EMERGING MARKETS-Philippine shares climb ahead of meeting; Malaysia muted before GDP data

    * Graphic: World FX rates
    * Philippine likely to hold rates on Thursday
    * Malaysia's GDP slump likely deepened in Q4- poll
    * Vietnam, Taiwan stock markets closed for Lunar New Year

    By Shruti Sonal
    Feb 10 (Reuters) - Philippine shares rose on Wednesday on
expectations its central bank would remain accommodative at a
monetary policy meeting later this week, while Malaysian
equities traded cautiously ahead of fourth-quarter GDP data.
    Regional stock markets traded in tight ranges ahead of the 
Lunar New Year holidays which start this week, while emerging
Asian currencies were also range-bound.
    The Manila stock market index climbed as much as 1.3%
to hit its highest level in nearly three weeks. 
    Bangko Sentral ng Pilipinas (BSP) is expected to keep its
benchmark interest rate steady at a record low on Thursday,
brushing aside a projected uptick in inflation to support the
country's pandemic-hit economy, a Reuters poll showed.

    BSP would likely look through a recent increase in inflation
and maintain an easy monetary policy stance, Standard Chartered
analysts wrote in a note. Annual inflation hit its highest level
in two years in January.
    Further aiding sentiment, the government raised 221.2
billion pesos ($4.6 billion) at an auction of three-year retail
treasury bonds on Tuesday, proceeds from which will fund the
government's national budget.
    But analysts remained wary about the pace of economic
    "The economy remains quarters away from returning to
pre-pandemic levels of GDP," said ING senior economist Nicholas
    Malaysian stocks were up 0.1% ahead of release of
fourth-quarter GDP data on Thursday. 
    A Reuters poll showed that the economic slump is expected to
have deepened as a result of sustained restrictions on movement
and business to curb the spread of the coronavirus.
   "Worryingly, Q4 weakness is not merely backward-looking as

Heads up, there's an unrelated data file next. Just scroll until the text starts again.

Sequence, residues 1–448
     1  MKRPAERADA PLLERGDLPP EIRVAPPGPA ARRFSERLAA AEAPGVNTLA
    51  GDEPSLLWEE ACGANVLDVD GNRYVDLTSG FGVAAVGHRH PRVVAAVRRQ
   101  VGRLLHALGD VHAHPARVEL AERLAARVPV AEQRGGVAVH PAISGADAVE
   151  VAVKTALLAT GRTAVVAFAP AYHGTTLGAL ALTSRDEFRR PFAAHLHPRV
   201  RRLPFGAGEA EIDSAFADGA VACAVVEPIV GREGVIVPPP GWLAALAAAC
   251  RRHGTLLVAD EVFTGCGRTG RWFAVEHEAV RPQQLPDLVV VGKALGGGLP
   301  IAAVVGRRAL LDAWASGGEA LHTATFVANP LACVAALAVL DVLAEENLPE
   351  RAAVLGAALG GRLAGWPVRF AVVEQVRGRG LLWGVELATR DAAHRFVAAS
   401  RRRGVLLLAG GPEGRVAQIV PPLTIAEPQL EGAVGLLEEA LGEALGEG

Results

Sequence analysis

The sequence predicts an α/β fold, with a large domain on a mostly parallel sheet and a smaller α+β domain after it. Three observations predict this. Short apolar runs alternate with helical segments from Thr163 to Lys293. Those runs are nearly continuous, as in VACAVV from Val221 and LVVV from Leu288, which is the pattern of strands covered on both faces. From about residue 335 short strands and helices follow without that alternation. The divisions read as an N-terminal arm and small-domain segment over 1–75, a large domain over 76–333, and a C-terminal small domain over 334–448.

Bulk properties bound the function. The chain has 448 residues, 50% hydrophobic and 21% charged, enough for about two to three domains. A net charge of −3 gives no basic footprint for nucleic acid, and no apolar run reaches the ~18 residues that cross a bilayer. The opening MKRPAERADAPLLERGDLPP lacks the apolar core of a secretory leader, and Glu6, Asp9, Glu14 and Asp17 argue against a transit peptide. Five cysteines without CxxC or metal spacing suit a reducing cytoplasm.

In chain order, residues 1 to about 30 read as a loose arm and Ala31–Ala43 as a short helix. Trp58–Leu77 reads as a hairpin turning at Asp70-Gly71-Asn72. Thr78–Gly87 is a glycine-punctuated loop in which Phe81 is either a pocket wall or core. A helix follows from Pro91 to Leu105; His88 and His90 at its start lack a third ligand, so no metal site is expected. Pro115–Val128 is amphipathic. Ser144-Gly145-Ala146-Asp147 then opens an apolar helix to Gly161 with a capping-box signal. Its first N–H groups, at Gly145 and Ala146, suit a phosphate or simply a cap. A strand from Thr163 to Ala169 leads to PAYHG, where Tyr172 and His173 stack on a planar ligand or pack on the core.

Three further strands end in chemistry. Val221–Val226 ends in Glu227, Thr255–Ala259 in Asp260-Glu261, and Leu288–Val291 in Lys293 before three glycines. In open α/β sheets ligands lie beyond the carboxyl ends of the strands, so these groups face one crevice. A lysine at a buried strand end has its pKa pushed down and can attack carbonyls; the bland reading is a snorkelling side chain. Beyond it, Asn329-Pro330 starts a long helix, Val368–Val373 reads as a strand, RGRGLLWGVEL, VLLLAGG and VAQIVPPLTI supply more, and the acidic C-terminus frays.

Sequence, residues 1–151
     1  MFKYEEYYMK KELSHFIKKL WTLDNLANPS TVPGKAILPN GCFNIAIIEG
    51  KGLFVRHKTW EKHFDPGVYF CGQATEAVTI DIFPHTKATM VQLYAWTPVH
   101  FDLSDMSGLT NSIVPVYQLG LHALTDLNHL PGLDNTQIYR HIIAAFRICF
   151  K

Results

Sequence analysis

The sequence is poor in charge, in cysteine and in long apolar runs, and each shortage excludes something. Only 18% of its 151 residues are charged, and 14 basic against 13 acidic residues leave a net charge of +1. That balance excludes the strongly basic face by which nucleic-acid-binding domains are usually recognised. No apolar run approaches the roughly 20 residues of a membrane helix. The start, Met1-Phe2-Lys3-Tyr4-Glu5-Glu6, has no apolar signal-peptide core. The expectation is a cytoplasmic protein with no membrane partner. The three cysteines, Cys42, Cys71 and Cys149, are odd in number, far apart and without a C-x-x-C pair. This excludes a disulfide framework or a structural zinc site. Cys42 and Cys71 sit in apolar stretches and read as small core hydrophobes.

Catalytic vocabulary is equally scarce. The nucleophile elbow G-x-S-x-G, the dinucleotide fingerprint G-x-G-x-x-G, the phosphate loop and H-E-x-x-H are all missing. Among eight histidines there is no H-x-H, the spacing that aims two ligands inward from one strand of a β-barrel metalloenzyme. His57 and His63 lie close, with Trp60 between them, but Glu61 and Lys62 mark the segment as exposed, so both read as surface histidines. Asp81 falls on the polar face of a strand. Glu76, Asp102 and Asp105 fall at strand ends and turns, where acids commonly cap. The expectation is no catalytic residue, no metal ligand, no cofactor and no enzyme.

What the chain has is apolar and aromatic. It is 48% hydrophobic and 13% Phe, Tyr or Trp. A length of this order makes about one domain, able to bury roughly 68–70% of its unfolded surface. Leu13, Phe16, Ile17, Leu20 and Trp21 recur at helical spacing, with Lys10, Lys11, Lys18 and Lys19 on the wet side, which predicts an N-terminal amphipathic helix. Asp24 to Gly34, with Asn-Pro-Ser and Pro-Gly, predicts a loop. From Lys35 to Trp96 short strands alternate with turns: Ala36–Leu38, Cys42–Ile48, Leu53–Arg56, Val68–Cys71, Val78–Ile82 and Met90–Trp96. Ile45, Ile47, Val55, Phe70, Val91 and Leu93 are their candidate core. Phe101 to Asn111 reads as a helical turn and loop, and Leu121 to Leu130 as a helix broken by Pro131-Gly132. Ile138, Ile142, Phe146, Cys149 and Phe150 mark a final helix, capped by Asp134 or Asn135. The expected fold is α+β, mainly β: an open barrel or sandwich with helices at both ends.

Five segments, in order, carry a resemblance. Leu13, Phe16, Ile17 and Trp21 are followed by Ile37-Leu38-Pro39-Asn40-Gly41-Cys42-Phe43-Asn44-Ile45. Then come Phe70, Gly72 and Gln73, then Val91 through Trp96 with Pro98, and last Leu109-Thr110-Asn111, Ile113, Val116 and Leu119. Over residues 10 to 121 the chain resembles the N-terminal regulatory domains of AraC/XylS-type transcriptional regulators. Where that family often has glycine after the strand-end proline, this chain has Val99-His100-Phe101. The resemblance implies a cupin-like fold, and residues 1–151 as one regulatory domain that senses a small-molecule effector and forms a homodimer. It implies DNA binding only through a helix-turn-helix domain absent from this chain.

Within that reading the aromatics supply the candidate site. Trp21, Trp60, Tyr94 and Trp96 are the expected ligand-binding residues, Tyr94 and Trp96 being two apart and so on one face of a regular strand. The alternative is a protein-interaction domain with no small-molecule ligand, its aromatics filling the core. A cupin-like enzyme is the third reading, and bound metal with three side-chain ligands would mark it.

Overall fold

spill-over impact from wider MCO (movement control orders)
alongside (the) state of emergency declared darken growth
prospects for Q1 2021 as well," Mizuho Bank analysts said.
    Trade was subdued before the Lunar New Year, with stock
markets in Vietnam and Taiwan already closed for the holidays.
China will enter a week-long holiday from Thursday.
    Shares in Indonesia, Singapore and South
Korea were about 0.1% lower, while those in Thailand
 and India were up 0.2% and 0.1% respectively.
    Currencies in the region, which have seen solid gains
recently against a weaker U.S. dollar, were also broadly steady.
Malaysian ringgit < ticked up 0.2%, while the Thai baht
 and Indonesian rupiah added 0.1% each.
    "A divergent thematic of COVID-19 improvement, vaccine
roll-out and growth outperformance in favour of U.S. compared to
other parts of the world could still be in play," Maybank
analysts said. 
    "This is supportive of overall sentiment but should also
provide temporary and moderate support for USD in the interim." 
    ** Malaysia's Supermax temporarily halts operations on
COVID-19 cases 
    ** In the Philippines, top index gainers are Robinsons
Retail Holdings Inc, LT Group Inc, Aboitiz
Equity Ventures Inc 
  Asia stock indexes and                                     
 currencies at   0407 GMT                             
                     DAILY       %           DAILY %    YTD %
 Japan               +0.02   -1.25            -0.09    7.41
 China    <CNY=CFX   -0.05   +1.41              1.03     4.83
 India               +0.00   +0.24              0.05     8.12
 Indones             +0.06   +0.41             -0.07     3.32
 Malaysi             +0.20   -0.45              0.16    -2.37
 Philipp             -0.02   -0.06              0.69    -0.36
 S.Korea  <KRW=KFT   +0.68   -2.06             -0.07     7.27
 Singapo             +0.00   -0.37             -0.14     3.07
 Taiwan              +0.00   +0.33                 -     7.26
 Thailan             +0.07   +0.17              0.24     5.01
 (Reporting by Shruti Sonal in Bengaluru; Editing by Ana
Nicolaci da Costa)